LTL-based declarative process models are very effective when modelling loosely structured processes or working in environments with a lot of variability. A process model is represented by a set of constraints that must be satisfied during the process execution. An important application of such models is compliance checking: a process model defines then the boundaries in which a system/organisation may work, and the actual behaviour of a system, recorded in an event log, can be checked on its compliance to the given model.
A known pitfall in specifying such a set of constraints is allowing for more behaviour than the intended one. Consider, for instance, a model with a constraint specifying that an invoice must be eventually followed by a payment: if invoice never occurs in the event log at all, the behavior is considered as compliant, while it is vacuously-compliant. Is this the behaviour we intended to model? Is this the right idea of compliance we had in mind? Undoubtedly, only the process designer who modeled that process can answer these questions. In this paper, we provide the designer with patterns that, applied to the model, trigger posing the right questions and define options for strengthening the constraints. Our patterns are inspired by vacuity detection techniques working on a single trace. We take the log point of view instead to check whether the constraints of a compliance model constrain enough.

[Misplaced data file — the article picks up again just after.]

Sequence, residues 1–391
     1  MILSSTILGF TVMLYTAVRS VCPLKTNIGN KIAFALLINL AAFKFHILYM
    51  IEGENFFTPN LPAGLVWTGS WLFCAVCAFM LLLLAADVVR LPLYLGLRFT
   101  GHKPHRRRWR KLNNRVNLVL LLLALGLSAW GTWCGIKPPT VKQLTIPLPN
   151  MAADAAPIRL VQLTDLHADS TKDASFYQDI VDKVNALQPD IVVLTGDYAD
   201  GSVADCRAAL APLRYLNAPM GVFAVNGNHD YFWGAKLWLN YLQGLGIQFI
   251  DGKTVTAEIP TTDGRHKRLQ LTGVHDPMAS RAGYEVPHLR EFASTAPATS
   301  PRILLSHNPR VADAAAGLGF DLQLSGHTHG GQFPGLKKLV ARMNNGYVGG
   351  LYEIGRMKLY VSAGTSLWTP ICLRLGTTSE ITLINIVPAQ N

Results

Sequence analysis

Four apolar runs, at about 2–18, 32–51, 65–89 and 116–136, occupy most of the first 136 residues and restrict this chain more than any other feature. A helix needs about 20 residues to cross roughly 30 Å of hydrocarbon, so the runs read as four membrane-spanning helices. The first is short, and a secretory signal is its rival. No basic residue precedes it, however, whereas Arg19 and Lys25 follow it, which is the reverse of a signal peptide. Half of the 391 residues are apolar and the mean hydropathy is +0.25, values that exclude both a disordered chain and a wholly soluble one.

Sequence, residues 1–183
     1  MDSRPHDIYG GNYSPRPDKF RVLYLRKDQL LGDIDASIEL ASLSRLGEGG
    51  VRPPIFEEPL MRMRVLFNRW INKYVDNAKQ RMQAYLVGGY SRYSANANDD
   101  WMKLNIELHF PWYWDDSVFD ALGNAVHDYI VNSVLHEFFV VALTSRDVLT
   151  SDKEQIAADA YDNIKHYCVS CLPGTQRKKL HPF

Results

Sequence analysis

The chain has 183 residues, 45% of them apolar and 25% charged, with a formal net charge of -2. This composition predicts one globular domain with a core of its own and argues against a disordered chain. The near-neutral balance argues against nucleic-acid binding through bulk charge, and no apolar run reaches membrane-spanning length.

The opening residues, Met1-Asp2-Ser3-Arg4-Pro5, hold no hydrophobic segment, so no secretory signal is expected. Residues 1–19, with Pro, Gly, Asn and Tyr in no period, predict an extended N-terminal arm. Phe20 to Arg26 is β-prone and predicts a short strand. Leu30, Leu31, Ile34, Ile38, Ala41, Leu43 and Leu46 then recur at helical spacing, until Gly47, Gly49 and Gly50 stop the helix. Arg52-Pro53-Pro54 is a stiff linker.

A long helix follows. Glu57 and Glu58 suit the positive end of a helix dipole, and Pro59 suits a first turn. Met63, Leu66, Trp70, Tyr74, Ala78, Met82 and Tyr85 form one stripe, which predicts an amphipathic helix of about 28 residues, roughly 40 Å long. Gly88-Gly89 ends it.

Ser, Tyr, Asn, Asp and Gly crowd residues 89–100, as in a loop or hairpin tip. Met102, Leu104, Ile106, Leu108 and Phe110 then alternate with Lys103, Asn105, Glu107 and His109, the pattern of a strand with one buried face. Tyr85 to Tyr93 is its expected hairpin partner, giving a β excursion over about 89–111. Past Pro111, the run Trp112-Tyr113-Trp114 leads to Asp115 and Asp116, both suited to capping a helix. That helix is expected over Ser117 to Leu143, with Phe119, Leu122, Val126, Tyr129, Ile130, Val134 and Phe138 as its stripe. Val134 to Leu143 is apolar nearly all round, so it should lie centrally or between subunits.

|Number of pages||18|
|Publication status||Published - 2011|